Breckenridge Bulletin; Jan 3, 1903
Engineer Dan Williams Killed.
Early on Monday morning December 31st, word was brought to town by Conductor G.W. Miller, of the 4 o'clock a.m. train, that there was a wreck of his train at Pittsburgh switch, about four miles from town.
On the return of the engine which had helped the wrecked train over the range and had gone ahead to Dickey, Coroner Condon had a jury of six citizens summoned. They went on the 11:30 train and viewed the remains and wreck and heard the evidence of Conductor Miller and Brakemen C.J. Selby and S.S. Cheney, whose testimony varied but little from the following statement:
About 3:50 a.m. the train was moving downgrade at a rate of from ten to thirteen miles an hour. The two Brakemen were on the fifth car from the engine and heard and felt no jar or other collision, greater than the breaking apart of the train.Thinking that had happened, they and the conductor went forward and found the engine No. 47, tender and three cars in a wreck with the engine on its right side, lying flat and the left side engine going like lightning, letting steam escape.
The Conductor and one of the Brakemen stepped on the tender trucks and saw the fireman, Frank Young, coming out between the tank and trucks, badly scalded and bruised up. They assisted him to the passenger car and returned going around the engine found that engineer, Dan Williams had crawled out between the cab and tender, having been scalded from head to foot. He asked them to get him out of there as quickly as they could, which they did. Getting him to the car as quickly as they could, he only lived about two hours, his injuries covered his whole body.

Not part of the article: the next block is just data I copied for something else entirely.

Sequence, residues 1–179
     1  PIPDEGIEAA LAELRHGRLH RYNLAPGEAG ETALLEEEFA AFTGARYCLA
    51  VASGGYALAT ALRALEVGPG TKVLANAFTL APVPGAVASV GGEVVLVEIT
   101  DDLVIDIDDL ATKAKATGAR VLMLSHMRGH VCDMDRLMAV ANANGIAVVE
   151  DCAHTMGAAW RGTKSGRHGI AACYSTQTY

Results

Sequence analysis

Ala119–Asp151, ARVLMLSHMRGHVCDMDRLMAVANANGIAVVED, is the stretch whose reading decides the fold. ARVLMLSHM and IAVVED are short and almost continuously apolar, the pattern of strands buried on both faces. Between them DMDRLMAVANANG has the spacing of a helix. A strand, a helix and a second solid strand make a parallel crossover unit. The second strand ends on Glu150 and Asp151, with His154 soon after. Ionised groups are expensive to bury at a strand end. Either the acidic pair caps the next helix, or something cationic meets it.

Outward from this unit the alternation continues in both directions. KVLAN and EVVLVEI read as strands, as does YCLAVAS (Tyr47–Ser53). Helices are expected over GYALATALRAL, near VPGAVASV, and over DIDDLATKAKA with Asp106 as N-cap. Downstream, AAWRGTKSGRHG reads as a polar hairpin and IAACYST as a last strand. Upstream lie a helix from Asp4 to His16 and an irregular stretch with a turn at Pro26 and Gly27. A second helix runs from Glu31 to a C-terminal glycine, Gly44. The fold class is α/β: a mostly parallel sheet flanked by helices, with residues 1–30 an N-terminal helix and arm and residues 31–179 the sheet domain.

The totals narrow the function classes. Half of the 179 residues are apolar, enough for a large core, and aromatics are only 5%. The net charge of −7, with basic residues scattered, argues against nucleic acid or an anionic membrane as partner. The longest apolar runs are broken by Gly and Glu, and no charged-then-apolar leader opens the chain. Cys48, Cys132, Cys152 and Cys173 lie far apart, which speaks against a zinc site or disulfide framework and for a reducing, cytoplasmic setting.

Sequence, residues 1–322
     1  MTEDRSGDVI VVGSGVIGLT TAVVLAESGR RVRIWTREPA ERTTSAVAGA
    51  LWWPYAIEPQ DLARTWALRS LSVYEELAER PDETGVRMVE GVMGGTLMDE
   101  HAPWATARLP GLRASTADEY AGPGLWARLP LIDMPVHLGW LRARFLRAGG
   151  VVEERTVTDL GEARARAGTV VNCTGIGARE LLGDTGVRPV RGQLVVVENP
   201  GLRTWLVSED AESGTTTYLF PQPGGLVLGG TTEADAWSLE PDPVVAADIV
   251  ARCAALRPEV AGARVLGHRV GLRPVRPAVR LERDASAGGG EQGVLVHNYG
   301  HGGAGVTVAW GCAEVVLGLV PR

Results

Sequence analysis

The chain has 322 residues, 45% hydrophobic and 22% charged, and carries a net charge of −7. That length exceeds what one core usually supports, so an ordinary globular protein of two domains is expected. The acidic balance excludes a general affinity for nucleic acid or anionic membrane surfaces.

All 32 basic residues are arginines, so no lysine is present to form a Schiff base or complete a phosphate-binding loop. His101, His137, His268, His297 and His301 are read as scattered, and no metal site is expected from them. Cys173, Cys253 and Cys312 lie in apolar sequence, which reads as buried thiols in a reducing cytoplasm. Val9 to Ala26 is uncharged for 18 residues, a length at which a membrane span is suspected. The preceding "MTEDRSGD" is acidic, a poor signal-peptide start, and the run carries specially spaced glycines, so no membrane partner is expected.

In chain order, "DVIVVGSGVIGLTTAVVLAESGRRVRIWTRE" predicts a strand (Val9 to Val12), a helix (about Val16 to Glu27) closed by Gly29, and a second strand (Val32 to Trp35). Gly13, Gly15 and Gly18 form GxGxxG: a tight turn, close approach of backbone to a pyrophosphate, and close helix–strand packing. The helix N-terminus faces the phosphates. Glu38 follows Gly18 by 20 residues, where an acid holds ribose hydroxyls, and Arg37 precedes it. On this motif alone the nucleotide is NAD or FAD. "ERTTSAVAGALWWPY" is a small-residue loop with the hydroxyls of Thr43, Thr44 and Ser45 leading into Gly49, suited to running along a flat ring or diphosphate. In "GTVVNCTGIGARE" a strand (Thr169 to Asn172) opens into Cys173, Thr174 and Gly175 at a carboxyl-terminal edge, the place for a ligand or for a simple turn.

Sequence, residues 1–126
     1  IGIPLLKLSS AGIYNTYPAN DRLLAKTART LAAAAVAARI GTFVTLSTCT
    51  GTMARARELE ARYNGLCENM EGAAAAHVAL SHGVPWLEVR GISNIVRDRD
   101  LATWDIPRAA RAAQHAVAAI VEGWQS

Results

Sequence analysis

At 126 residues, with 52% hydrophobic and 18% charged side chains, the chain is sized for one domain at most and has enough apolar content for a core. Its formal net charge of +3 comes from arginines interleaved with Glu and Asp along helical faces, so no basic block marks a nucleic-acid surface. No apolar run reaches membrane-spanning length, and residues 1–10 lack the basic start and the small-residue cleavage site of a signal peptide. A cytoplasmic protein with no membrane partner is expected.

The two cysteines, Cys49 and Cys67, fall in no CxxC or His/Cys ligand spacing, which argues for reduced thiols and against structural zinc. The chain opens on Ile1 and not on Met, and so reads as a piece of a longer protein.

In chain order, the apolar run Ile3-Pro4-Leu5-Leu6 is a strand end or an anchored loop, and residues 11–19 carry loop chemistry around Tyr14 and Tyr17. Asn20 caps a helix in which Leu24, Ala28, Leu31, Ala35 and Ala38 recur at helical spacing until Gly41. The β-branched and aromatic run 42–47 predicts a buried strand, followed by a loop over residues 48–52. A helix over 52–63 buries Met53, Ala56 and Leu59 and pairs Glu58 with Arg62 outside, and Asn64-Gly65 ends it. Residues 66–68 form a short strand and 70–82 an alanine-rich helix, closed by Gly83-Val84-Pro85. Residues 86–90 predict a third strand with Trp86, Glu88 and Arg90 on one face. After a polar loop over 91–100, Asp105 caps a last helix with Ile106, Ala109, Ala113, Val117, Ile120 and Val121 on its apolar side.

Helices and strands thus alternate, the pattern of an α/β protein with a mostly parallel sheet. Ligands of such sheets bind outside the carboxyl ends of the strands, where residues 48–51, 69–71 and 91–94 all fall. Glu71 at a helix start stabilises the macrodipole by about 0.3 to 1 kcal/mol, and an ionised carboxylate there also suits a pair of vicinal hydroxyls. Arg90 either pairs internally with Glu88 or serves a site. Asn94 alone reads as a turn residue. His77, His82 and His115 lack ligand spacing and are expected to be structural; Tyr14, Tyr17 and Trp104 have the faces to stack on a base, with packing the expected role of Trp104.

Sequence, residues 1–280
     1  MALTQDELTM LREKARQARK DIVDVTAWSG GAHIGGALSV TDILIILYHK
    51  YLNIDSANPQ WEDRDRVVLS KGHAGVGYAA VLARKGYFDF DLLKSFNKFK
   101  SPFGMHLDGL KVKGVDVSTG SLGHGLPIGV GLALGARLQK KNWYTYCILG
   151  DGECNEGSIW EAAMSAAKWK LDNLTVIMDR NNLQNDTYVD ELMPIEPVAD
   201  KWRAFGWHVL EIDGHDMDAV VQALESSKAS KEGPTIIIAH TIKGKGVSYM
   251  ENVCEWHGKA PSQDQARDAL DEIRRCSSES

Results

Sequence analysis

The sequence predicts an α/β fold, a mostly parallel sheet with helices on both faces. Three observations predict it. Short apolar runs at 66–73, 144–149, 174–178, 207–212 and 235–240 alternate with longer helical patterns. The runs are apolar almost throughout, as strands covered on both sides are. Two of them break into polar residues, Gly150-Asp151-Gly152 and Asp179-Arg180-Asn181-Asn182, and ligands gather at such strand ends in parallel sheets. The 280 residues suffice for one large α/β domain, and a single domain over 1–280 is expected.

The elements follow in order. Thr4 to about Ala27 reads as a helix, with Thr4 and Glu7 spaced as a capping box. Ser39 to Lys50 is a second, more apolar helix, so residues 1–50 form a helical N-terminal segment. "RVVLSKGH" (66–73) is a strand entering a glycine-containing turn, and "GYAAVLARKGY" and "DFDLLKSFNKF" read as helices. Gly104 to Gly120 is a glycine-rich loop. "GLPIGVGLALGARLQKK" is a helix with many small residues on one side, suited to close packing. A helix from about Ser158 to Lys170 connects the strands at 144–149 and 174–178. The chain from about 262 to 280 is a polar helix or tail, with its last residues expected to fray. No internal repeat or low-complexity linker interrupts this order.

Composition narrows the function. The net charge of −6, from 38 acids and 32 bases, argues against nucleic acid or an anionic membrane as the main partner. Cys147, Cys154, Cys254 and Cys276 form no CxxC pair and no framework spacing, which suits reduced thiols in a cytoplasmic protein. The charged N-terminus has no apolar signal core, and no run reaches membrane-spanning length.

The jury examined the track, and there seemed to be no spreading or other thing wrong with the track, and the witnesses said in their evidence that these accidents are wholly unexplainable and apparently unavoidable and will be as long as cars run on two trucks. After gathering the information, the train returned to town with the jury, coroner and passengers, and the jury being in consultation at 3:30 in the afternoon agreed upon a verdict of said accident, occurred from causes unknown to this jury.
The train from east and west transferred their passengers and express in the afternoon, and the body of the dead Engineer was brought to town and turned over to Undertakers Huntress & Rogers, for preparation for burial.
The deceased, Daniel Williams, was a widower and it has not been known whether he has any children living or not. He was a member of the order of Elks, and will probably be looked after by that order.
|Conductor Miller and Dr. Condon??|